Epic just announced it is making its development kit available for free for noncommercial and educational use. This comes just a few weeks after Unity landed $5.5 million in VC funding. I’m not inferring that Epic’s move is a reaction to Unity’s news, rather I think it highlights that tool and middleware vendors are still jockeying to meet a growing range of game development needs.
From the AAA titles down to the indie and iPhone games, the range of games and platforms middleware tool providers need to support seems to be growing exponentially. There is also a new breed of tool and service providers looking to support smaller game developers. Companies like Wild Pockets and Mixamo.
Wild Pockets has a complete 3D browser-based game engine and development toolkit they make available for free. Part of their toolset includes microtransaction components built directly into the API. They have had impressive success within the indie game community and have caught the attention of a number of supporters.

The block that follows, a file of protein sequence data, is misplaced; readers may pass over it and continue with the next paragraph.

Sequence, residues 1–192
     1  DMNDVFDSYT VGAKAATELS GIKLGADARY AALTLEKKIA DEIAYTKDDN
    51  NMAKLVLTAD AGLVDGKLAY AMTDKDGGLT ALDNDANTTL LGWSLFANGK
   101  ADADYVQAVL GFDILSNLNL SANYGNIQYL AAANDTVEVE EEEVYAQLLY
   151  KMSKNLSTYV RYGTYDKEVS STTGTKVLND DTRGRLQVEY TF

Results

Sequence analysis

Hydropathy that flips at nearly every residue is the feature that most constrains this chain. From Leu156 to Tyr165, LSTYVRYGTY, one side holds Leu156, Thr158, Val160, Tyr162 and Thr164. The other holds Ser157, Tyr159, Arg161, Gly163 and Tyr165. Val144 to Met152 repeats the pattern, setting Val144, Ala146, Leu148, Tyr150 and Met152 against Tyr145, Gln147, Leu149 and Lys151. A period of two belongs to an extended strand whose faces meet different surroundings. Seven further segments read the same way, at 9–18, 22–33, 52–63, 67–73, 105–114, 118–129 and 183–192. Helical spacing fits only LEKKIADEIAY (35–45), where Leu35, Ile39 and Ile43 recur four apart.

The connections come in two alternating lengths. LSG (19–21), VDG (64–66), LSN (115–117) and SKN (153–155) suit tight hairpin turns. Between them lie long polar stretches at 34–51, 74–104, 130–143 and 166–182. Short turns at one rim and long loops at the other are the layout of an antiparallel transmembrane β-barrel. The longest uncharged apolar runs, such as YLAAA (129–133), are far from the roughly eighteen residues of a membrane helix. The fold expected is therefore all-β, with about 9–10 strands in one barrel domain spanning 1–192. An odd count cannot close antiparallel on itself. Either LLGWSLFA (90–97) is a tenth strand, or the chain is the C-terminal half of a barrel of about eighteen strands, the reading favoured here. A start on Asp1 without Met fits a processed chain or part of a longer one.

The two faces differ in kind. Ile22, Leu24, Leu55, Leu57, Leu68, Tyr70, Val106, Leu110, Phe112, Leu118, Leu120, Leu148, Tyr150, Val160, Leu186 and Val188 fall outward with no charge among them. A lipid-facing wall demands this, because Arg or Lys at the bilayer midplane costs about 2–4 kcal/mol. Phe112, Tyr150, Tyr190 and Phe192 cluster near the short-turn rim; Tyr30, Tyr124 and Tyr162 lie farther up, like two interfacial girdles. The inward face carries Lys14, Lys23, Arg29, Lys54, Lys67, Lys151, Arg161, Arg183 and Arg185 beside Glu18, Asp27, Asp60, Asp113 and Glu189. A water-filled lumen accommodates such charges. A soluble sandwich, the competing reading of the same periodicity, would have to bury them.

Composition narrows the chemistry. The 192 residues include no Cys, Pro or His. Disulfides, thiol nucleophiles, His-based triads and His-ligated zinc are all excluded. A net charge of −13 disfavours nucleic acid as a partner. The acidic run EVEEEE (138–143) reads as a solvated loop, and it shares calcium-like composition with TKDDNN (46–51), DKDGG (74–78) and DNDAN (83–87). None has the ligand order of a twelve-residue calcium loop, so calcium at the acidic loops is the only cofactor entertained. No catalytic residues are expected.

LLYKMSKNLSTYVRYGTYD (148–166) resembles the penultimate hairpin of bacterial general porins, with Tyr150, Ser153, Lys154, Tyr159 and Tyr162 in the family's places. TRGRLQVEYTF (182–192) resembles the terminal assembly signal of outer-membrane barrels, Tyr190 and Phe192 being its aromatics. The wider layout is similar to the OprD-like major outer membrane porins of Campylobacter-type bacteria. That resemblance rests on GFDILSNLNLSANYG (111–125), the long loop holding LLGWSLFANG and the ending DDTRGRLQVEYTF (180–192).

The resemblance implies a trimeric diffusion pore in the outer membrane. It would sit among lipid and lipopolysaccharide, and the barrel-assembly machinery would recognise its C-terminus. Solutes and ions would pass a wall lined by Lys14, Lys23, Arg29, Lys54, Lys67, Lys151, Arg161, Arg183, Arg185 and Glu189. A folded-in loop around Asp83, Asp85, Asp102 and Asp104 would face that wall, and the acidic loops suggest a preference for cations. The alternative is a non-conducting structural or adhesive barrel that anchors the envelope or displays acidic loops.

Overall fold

Mixamo raised $4 million in VC funding earlier this year. The company has a 3D character animation service where users can log onto their website and buy animation sequences very inexpensively. They have announced a list of tool partners that includes Trinigy’s Vision Engine, Autodesk’s 3ds Max Bipeds, xaitment’s AI tools, and Emergent’s Gamebryo LightSpeed.
The road to development nirvana is long and fraught with unforeseen issues, setbacks and costs. It is those companies that understand the parameters of their projects that ultimately succeed. It doesn’t matter if the game is cross-platform, multiplayer, or mobile.